Proving Fault In New York Medical Malpractice Claims
Medical malpractice liability in New York is usually established through the concept of negligence. In order for a claim of medical negligence to prevail, the plaintiff must prove, with a preponderance of evidence, that the following elements occurred:
- The defendant owed the plaintiff a duty of care
- The defendant breached that duty by deviating from an applicable standard of care
- The defendant’s wrongful actions caused injury to the plaintiff
- The plaintiff was actually injured
Duty of care
The easiest duty of care to establish is the duty a doctor owes to his or her patient. Other medical professionals may owe a duty of care to a patient if they are brought in to assist with a case or if they are in some way responsible for a patient’s treatment or care, like a nurse doing rounds or a radiologist brought in to consult on an x-ray.
Deviating from a standard of care
In order to prove this element, the plaintiff must bring in an expert witness, qualified in the same area as the defendant, to establish a standard of care by testifying as to what specific actions a medical professional would be expected to take and not to take in the circumstances in which the injury arose. The plaintiff must also present testimony proving that the defendant deviated from this standard of care.
Part of the standard of care of any medical field is “informed consent,” meaning that doctors must explain the risks, benefits, and alternatives of any medical treatment administered to a patient and get written consent before proceeding with treatment.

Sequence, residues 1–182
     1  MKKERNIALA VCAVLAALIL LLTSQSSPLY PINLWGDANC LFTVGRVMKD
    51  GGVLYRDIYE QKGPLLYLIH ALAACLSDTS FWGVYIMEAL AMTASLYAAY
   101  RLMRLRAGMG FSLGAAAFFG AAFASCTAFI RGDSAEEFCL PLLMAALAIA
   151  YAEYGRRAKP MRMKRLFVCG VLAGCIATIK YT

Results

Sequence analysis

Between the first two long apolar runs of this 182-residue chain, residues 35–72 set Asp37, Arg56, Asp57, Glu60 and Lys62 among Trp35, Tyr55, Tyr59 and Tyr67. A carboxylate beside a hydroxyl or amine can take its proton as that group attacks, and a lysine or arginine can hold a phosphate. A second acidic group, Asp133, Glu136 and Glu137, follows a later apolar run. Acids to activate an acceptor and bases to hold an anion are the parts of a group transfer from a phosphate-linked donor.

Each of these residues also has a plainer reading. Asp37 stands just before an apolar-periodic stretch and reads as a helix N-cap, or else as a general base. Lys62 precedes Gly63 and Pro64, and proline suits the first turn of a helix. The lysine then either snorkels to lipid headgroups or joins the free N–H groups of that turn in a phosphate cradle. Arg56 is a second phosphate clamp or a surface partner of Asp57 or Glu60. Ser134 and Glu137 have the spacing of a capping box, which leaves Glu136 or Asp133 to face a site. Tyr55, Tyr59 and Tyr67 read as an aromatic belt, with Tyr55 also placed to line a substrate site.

A plaintiff must prove that the defendant’s deviation from a standard of care was the cause of the plaintiff’s injury or injuries. This proof may involve a “but-for” test – in other words, the plaintiff must prove that “but for” the defendant’s misconduct, the injury would not have occurred. The plaintiff may also be required to prove that the defendant’s misconduct was the proximate cause of the injury.
A medical mistake is not sufficient to hold a medical professional liable for damages. An actual injury must have occurred as a result of the mistake or misconduct. If an incorrect diagnosis or misapplied treatment did not interfere with a patient’s recovery or cause the patient to get worse, the doctor generally cannot be held liable.
Statute of limitations
One complication in medical malpractice liability cases is the statute of limitations, which prevents plaintiffs from filing suit after a certain amount of time has passed since the alleged misconduct. In New York, the statute of limitations is 30 months from the time a medical professional’s misconduct occurs, or only 15 months in cases where the medical professional was employed by a municipal hospital or facility.
Medical malpractice liability advice
Proving fault in New York medical malpractice claims can be difficult and complicated, especially without the benefit of good legal advice. If you suspect that you have been injured by medical malpractice, including a misdiagnosis, surgical error, improperly prescribed drug, or any other form of negligence, a medical malpractice attorney can help you sort through the issues and find out who may be liable.
Attorneys with The Sanders Firm have years of experience handling medical malpractice claims and getting clients the compensation they deserve. Call today for a free consultation: 1-800-FAIR-PLAY. Resources
- National Institutes of Health, Clinical Orthopaedics and Related Research – An Introduction to Medical Malpractice in the United States, http://www.ncbi.nlm.nih.gov/pmc/articles/PMC2628513/